25 July 2016

The Scholar as Portent of Chinese Actions in the South China Sea

Ryan D. Martinson, “The Scholar as Portent of Chinese Actions in the South China Sea,” Center for International Maritime Security (CIMSEC), 25 July 2016.

Chinese leaders, like leaders elsewhere, rely on the advice of outside experts—academics and other professional scholars—to help them cope with the myriad challenges of international politics. Statesmen and scholars, however, come from very different worlds. When leaders craft foreign policy, they place a premium on secrecy. Scholars, by contrast, have powerful motives to share their views and tout their influence.

For those studying an opaque state like the People’s Republic of China (PRC), it is therefore very tempting to regard the “influential” Chinese scholar, who writes and speaks without reserve, as a proxy for the shy statesman he serves. The lure of this approach is especially strong in the case of the South China Sea, where authoritative—and reliable—statements of PRC intentions are particularly scarce. In the aftermath of the recent ruling of the [Arbitral Tribunal] (Case No. 2013-19), the writings of Chinese scholars will no doubt be closely scrutinized for insights about the PRC’s likely response to this desolating blow to its South China Sea claims.

But is this a wise approach? 

We must immediately distinguish the advisor from the propagandist. Both have direct connections with the state. Indeed, an individual scholar may serve both functions. As a propagandist, the scholar justifies past and current policy; as an advisor, she seeks to shape future policy. Studying the work of the propagandist has merits: we learn what the PRC wants domestic and international audiences to believe. The statements of the advisor, however, are potentially much more rewarding, for they may suggest future actions. Knowing what a state may do allows one to engage in proactive diplomacy and prepare countermeasures. 

Given the legal and strategic complexities of the issues at stake, Chinese scholars have an important advisory role to play in South China Sea policy. However, among the dozens (hundreds?) of Chinese scholars researching the law and politics of the South China Sea, the vast majority will never speak to or have their work read by men and women in positions of real authority. Thus, if one’s aim is to conjecture about the direction of PRC policy, the works of only a tiny number of Chinese scholars—i.e., those with demonstrable influence—are worth considering.

Researchers at the Hainan Center for South China Sea Policy and Law (海南省南海政策与法律研究中心) fall into this category. Examining this institute—and the work of one scholar in particular—allows us to explore what can and cannot be learned from the writings of “influential” Chinese scholars.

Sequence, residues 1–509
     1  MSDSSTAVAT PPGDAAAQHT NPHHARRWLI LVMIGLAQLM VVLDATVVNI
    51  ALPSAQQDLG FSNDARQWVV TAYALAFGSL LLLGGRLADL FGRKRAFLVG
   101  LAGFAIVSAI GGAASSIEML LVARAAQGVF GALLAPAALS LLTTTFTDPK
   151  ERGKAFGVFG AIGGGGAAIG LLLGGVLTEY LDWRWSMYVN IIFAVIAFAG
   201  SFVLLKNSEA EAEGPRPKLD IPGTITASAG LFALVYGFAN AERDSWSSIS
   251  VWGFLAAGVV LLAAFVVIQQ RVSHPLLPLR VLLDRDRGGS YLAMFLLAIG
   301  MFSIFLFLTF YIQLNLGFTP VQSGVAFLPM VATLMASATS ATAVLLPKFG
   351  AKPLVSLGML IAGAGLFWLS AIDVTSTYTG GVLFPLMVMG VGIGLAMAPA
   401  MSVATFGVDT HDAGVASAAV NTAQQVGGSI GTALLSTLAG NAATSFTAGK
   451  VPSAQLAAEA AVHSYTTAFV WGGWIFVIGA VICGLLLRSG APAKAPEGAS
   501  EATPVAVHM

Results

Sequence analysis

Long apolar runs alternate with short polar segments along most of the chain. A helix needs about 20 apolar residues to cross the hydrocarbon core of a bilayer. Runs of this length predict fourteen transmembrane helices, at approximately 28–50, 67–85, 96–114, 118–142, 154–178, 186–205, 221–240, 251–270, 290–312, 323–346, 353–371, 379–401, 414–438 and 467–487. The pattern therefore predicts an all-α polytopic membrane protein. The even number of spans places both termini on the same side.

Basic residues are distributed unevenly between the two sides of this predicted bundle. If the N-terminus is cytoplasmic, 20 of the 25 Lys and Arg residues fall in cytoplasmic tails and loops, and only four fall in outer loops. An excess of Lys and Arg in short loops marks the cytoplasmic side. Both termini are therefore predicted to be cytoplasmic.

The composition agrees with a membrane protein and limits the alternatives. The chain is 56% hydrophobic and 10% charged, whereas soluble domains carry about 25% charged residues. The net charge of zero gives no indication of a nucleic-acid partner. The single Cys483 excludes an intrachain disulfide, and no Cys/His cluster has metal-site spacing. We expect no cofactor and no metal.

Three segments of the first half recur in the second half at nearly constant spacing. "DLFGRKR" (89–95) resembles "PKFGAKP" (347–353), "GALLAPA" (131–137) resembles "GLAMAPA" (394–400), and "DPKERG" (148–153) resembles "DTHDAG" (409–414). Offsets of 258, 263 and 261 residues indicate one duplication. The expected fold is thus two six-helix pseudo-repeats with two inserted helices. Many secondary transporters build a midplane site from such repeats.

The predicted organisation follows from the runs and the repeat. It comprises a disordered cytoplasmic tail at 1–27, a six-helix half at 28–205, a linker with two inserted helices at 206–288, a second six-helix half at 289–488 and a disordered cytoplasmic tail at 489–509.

OTHER GREAT WORKS FROM THE RYAN MARTINSON BOOKSHELF:
Ryan D. Martinson, “Panning for Gold: Assessing Chinese Maritime Strategy from Primary Sources,” Naval War College Review 69.3 (Summer 2016): 23-44.

Ryan D. Martinson, “The Courage to Fight and Win: The PLA Cultivates Xuexing for the Wars of the Future,” Jamestown Foundation China Brief 16.9, 1 June 2016.

Ryan D. Martinson, “Shepherds of the South Seas,” Survival 58.3 (2016): 187-212.

Ryan D. Martinson, “The 13th Five-Year Plan: A New Chapter in China’s Maritime Transformation,” Jamestown China Brief, 12 January 2016. 

Ryan D. Martinson, “Deciphering China’s Armed Intrusion Near the Senkaku Islands,” The Diplomat, 11 January 2016.  

Ryan D. Martinson, “China’s Great Balancing Act Unfolds: Enforcing Maritime Rights vs. Stability,” The National Interest, 11 September 2015.

Ryan D. Martinson, “From Words to Actions: The Creation of the China Coast Guard,” a paper for the China as a “Maritime Power” Conference, CNA Corporation, Arlington, VA, 28-29 July 2015.

Ryan D. Martinson, “East Asian Security in the Age of the Chinese Mega-Cutter,” Center for International Maritime Security, 3 July 2015. 

 Ryan D. Martinson, “China’s Second Navy,” U.S. Naval Institute Proceedings 141.4 (April 2015). 

Ryan D. Martinson, “Jinglue Haiyang: The Naval Implications of Xi Jinping’s New Strategic Concept,” Jamestown China Brief  (9 January 2015).

Ryan D. Martinson, “Chinese Maritime Activism: Strategy Or Vagary?” The Diplomat, 18 December 2014. 

Ryan D. Martinson, “The Militarization of China’s Coast Guard,” The Diplomat, 21 November 2014. 

Ryan Martinson, “Here Comes China’s Great White Fleet,” The National Interest, 1 October 2014.

Ryan Martinson, “Power to the Provinces: The Devolution of China’s Maritime Rights Protection,” Jamestown China Brief 14.17 (10 September 2014).